Senior Ubisoft execs quit after abuse allegations

mongeese

Posts: 391   +60
Staff member
A hot potato: Over the past few weeks, Ubisoft CEO Yves Guillemot has been engaged in a “rigorous review” following “recent allegations of misconduct and inappropriate behavior.” In a recent company-wide letter, he states that “toxic behaviors are unacceptable” and are “in direct contrast” to his values and Ubisoft’s. As a result, Ubisoft has ended relations with several high-profile employees.

Ubisoft announced yesterday that three senior executives have left their positions. Managing Director of Ubisoft’s Canadian studios Yannis Mallat and Chief Creative Officer Serge Hascoët have resigned. Global Head of HR Cécile Cornet has elected to transition into a different role. The news comes only two weeks after Vice Presidents Maxime Béland and Tommy François were placed on disciplinary leave pending an investigation into an alleged pattern of abuse.

Ubisoft games are likely to have a different feel to them in the future. Hascoët was responsible for writing the guidelines for every title the company produced, from Assassin’s Creed to Far Cry. Béland and François worked under him shaping the specifics of individual titles early in the development phase. Mallat was directly in control over the games that have come out of the Toronto studio, including the upcoming Watch Dogs: Legion.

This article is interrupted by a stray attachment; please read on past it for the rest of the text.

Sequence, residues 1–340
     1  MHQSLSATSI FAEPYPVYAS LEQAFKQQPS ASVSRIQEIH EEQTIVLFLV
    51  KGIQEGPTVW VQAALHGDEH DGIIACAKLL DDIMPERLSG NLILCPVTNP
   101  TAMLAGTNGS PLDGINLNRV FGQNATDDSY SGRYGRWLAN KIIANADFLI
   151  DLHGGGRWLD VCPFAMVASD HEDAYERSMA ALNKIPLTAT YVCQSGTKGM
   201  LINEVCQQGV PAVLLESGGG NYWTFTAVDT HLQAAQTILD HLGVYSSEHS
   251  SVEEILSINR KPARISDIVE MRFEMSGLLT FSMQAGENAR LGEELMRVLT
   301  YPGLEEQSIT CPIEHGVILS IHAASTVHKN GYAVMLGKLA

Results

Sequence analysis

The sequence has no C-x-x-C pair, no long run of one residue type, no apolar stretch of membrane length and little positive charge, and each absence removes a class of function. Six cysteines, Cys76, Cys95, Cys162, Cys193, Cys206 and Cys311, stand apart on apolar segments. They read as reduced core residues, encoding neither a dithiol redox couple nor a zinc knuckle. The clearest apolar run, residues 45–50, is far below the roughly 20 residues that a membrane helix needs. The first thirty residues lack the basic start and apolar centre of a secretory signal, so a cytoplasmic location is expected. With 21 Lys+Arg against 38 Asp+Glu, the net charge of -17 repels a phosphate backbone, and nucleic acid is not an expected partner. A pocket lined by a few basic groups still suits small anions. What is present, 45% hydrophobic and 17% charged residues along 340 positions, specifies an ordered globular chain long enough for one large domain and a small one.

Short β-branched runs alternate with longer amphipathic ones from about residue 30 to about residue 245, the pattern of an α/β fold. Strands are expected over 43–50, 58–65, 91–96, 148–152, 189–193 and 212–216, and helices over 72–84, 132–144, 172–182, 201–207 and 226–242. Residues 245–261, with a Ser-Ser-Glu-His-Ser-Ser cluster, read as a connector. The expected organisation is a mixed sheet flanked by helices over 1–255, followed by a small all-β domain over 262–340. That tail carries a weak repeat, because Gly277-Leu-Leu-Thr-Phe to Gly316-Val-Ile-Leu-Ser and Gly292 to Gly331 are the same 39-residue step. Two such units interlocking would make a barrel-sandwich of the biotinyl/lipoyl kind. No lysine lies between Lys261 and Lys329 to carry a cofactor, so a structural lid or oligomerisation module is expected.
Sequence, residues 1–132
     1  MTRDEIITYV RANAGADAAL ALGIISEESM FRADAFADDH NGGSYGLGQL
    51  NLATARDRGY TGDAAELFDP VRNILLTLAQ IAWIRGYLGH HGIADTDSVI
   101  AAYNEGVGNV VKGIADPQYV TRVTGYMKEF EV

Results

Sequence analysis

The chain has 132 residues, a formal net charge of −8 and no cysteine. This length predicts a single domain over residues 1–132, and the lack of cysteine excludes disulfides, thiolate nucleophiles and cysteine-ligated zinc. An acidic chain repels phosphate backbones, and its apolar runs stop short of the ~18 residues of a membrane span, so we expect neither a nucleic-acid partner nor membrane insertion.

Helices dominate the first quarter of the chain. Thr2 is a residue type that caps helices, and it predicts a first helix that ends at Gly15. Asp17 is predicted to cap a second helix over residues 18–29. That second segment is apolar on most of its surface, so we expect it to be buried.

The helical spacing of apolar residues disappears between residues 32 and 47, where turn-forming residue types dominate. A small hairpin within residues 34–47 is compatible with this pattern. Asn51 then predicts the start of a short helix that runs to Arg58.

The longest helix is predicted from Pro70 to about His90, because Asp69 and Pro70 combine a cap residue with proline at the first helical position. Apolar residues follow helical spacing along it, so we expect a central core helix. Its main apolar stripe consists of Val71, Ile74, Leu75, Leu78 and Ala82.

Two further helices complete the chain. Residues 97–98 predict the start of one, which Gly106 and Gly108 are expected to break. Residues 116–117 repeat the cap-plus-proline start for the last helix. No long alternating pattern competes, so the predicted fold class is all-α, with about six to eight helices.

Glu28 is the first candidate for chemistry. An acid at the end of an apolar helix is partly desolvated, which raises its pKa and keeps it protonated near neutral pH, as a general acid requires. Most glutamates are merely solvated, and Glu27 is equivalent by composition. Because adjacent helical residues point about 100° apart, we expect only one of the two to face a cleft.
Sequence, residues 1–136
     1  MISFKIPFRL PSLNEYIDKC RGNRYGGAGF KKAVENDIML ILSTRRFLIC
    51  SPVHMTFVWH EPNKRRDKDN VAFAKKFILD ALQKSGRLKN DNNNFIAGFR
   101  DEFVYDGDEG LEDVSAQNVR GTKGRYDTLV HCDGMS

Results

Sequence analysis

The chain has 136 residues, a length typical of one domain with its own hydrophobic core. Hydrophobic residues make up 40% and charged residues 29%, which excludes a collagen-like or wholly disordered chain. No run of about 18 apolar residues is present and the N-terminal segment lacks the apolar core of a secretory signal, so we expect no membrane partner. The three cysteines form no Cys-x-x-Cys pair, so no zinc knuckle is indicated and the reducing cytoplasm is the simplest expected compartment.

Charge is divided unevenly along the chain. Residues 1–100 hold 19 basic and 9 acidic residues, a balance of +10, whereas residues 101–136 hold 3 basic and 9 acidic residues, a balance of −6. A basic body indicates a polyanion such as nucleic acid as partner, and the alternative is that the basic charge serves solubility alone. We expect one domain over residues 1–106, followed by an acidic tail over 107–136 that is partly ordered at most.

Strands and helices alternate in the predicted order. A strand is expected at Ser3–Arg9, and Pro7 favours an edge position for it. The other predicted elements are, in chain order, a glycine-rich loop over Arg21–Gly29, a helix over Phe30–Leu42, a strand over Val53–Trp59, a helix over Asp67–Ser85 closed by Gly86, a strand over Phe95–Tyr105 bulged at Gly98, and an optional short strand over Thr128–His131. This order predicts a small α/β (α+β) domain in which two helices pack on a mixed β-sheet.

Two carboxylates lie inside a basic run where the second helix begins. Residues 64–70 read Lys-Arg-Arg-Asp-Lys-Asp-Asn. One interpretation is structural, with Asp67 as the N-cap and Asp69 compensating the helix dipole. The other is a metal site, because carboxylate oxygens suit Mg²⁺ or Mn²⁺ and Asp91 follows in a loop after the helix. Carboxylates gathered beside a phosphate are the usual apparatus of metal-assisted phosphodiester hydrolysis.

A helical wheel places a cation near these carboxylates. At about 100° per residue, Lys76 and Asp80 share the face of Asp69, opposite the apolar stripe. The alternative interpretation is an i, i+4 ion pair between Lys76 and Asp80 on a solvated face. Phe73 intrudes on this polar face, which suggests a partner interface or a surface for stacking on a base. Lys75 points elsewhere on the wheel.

Although Ubisoft has not revealed the specific outcomes of their internal investigation, private inquiries conducted by Kotaku and Libération provide an approximate outline of the culture at Ubisoft.

Current and former employees describe the company as using regular parties featuring surplus alcohol to keep employees engaged, possibly as a technique to distract from poor working conditions. At the parties, drunk executives and junior staff would intermingle. The consequence was a severe break in professionalism that led to a culture of power abuse and misogyny. HR proved consistently unhelpful.

There’s one particularly egregious incident that stands out. In 2014, at a party celebrating the release of Far Cry 4, Béland put his hands around a female employee’s neck as part of a sexual joke. “I didn’t react right away, because I was sort of like, ‘What is happening here?’ and then by the time I realized what was happening he stopped,” she told Kotaku. She met with Béland the next day who apologized. HR, run by Béland’s wife at the time, deemed the apology sufficient and declined to officiate a report.